ACCORDING TO Dorothy Parker, the Algonquin Hotel's legendary Round Table was nothing but a bunch of loudmouths showing off, the Roaring Twenties ought to have been called "The Dingy Decade" and as for her, a woman famous for being witty, she was "just a little Jewish girl trying to be cute." There is a certain amount of truth -- as well as self-loathing -- in each of these harsh assessments. But while the mystique of Parker's fellow lunching partners has faded over the years, hers remains persistently intact.

Since its initial publication in 1944, "The Portable Dorothy Parker" has never gone out of print and, in the current edition, the somber-eyed portrait of Parker that used to be slightly larger than a postage stamp takes up the entire front cover, as if her intensity is no longer something that has to be contained. Although Parker assiduously avoided writing memoirs and left behind no diaries, that hasn't stopped the production of several biographies, one-woman plays and, opening in New York this week, Alan Rudolph's new film about her. God knows what Dorothy Parker would have made of Kurt Cobain (she had trouble enough assessing Jack Kerouac), but the timelessness of her appeal seemed apparent when, in the aftermath of Cobain's suicide in Seattle, a flyer circulated through the city bearing the Parker poem "Resume," which lists the annoying drawbacks of various suicide methods and concludes, "You might as well live."

Given all the ways in which Parker has stood the test of time, it's perfectly understandable that for years now pundits (usually male) have rejoiced in pouncing upon some poor unsuspecting woman and labeling her "the contemporary Dorothy Parker." Understandable, but completely misguided. How is it possible for someone to be the contemporary version of a woman who was, in so many respects, this culture's first contemporary woman?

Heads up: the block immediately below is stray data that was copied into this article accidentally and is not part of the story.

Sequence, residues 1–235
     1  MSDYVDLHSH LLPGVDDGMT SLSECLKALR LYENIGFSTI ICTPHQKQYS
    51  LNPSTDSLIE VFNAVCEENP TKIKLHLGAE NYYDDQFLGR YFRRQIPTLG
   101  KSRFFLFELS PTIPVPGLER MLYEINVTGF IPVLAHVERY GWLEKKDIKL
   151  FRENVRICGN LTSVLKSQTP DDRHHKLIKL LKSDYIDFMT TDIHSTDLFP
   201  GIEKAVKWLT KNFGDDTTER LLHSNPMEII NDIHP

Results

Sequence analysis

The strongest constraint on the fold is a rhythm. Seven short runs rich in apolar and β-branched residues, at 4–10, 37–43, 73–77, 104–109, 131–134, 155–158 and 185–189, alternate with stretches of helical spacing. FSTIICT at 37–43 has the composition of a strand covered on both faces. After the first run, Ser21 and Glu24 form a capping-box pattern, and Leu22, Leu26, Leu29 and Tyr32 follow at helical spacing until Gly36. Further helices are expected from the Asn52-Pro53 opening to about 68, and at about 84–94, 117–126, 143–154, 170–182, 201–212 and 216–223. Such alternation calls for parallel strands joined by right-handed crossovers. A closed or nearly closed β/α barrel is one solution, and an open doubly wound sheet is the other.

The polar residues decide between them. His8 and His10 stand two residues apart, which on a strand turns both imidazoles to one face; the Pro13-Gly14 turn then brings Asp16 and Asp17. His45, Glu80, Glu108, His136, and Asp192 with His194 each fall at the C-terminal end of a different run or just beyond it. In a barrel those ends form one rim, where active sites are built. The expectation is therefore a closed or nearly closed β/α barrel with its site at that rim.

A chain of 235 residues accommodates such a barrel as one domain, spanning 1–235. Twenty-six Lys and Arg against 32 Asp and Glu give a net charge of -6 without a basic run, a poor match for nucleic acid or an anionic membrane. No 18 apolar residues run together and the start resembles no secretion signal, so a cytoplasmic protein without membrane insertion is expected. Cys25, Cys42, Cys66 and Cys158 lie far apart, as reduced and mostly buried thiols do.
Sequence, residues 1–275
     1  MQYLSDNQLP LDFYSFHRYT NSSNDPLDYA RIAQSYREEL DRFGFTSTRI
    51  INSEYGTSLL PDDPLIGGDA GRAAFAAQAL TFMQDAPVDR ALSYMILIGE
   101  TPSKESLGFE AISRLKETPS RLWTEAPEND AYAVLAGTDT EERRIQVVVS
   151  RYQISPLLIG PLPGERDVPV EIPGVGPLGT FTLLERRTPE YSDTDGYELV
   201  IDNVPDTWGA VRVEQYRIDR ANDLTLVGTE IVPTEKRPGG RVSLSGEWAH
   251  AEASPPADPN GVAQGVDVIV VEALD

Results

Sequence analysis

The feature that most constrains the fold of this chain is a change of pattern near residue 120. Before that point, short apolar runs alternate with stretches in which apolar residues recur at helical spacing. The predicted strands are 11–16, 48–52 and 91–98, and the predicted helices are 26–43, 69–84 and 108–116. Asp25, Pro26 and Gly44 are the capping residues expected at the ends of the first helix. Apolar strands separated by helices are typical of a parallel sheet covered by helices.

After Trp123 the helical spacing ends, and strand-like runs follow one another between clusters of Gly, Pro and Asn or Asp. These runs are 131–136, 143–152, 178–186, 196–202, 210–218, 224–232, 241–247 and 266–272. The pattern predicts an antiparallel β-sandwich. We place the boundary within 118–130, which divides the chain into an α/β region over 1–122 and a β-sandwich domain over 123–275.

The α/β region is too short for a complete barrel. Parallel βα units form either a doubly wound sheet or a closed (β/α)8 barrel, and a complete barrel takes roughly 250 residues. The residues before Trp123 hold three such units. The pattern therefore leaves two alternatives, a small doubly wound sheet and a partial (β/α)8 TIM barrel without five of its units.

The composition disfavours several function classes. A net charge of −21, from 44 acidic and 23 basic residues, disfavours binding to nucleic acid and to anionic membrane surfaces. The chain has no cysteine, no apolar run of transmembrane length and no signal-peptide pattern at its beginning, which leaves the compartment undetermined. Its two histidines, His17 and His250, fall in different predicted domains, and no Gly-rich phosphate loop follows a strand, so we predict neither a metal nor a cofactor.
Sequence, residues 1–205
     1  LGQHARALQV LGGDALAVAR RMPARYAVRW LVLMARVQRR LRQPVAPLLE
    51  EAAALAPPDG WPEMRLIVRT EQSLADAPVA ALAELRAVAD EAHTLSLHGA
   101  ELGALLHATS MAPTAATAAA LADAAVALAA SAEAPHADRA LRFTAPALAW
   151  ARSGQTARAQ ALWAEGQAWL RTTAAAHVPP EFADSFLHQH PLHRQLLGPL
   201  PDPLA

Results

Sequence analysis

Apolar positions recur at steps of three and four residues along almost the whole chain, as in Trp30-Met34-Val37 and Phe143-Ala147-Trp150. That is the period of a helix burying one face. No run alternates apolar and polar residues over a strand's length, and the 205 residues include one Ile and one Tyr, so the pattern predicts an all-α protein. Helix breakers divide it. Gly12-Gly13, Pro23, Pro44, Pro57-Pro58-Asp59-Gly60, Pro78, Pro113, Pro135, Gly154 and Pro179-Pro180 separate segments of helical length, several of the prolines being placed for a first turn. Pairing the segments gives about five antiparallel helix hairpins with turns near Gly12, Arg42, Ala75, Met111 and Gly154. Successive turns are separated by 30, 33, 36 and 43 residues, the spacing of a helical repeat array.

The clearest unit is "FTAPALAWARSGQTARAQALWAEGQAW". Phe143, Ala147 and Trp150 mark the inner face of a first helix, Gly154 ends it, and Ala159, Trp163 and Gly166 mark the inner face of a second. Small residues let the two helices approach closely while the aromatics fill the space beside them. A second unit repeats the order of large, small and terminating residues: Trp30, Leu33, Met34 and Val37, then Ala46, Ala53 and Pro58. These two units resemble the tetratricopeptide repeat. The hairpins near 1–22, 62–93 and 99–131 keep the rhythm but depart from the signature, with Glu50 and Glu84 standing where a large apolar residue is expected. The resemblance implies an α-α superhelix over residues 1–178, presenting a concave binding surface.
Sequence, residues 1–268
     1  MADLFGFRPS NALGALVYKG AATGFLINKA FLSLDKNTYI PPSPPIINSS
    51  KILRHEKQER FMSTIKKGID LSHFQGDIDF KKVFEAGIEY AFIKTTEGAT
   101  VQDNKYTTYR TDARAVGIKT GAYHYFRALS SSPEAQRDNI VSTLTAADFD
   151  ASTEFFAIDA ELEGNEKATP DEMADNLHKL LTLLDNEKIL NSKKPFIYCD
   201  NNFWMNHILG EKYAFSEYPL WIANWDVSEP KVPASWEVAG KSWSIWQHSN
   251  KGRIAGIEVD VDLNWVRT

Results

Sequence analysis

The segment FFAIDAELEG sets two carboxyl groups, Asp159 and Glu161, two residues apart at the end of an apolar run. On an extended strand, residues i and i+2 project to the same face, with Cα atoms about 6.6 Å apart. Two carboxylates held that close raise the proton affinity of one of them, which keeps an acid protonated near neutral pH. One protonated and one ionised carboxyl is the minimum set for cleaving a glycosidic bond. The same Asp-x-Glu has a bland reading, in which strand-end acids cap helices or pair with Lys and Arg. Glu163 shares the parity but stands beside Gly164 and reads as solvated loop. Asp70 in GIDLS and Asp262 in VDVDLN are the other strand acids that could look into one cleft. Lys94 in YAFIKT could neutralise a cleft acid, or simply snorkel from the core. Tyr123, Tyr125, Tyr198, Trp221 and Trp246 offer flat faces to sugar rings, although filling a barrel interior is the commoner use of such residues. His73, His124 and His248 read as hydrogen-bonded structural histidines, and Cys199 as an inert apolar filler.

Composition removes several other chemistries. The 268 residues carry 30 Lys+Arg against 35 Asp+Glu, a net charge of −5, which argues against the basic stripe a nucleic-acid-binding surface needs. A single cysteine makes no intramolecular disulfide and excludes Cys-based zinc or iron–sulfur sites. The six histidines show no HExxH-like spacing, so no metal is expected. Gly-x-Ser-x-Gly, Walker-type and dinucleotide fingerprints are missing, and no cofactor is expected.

Parker competed with men and insisted upon equal treatment not only in the workplace, but in the barroom and bedroom as well. If this created conflicts and contradictions in her life, well, what could be more contemporary than that? "Please God," Parker typed in one of her frequent fits of dissatisfaction with her work, "make me stop writing like a woman." Of course, had this request been granted, we would not still be talking about her.

Probably the most erroneous impression of Parker, held mostly by those familiar only with her most famous one-liners, is that she was a gay, flip, boozy chronicler of the decade that defined her just as relentlessly as she defined it. Such a view would have Parker attempting suicide, as she did on at least five separate occasions, just to keep the clever guys she drank with supplied with material: e.g., "If you keep that up, Dottie, you might hurt yourself someday."

In some quarters, Parker's infatuations with death and alcohol might be part of what makes her so contemporary. Neither has fallen completely out of fashion since her demise, which was itself a testament to the woman's endurance, resulting as it did from natural causes in 1967, when she was 73.

What's certain is that even a glancing survey of Parker's light verse, short stories, theater and book reviews demonstrates how, as James Thurber wrote, "the wheels of {her} invention were turned by the damp hand of melancholy." In all the different books detailing Parker's life, the material about her that seems most dated and tourist-like -- and there's a lot that does -- is the material that ignores this fact, so central to both her writing and emotional life.

In 1920, Parker shared lofty literary aspirations with Robert Benchley, her loving best friend and managing editor at the first incarnation of Vanity Fair when she was beginning to make a name as a notoriously cranky theater critic. By the end of the '20s, the two of them could frequently be found sharing champagne at Polly Adler's tony Manhattan brothel.

Almost as if providing ballast for Parker's idealized vision of him as a frustrated but loyal suburban husband, Benchley had become a regular client at Polly's. He had also become such a well-known humorist that his one-time ambition to write a history of Queen Anne period humorists now sounds like part of his whimsical, self-deprecatory act.

Benchley claimed to have discovered he had no real talent for writing but couldn't give it up because he was too famous. Parker's dilemma was almost the opposite. Although she had proven the depth of her talent and sensibility as a short story writer, she was best known for producing what she called "doo-dads," many of which were based directly on her proclivity for, in doo-dadese, "putting all my eggs in one bastard." The irony of Parker and Benchley hanging out together in a fancy whorehouse couldn't have been lost on either one of them.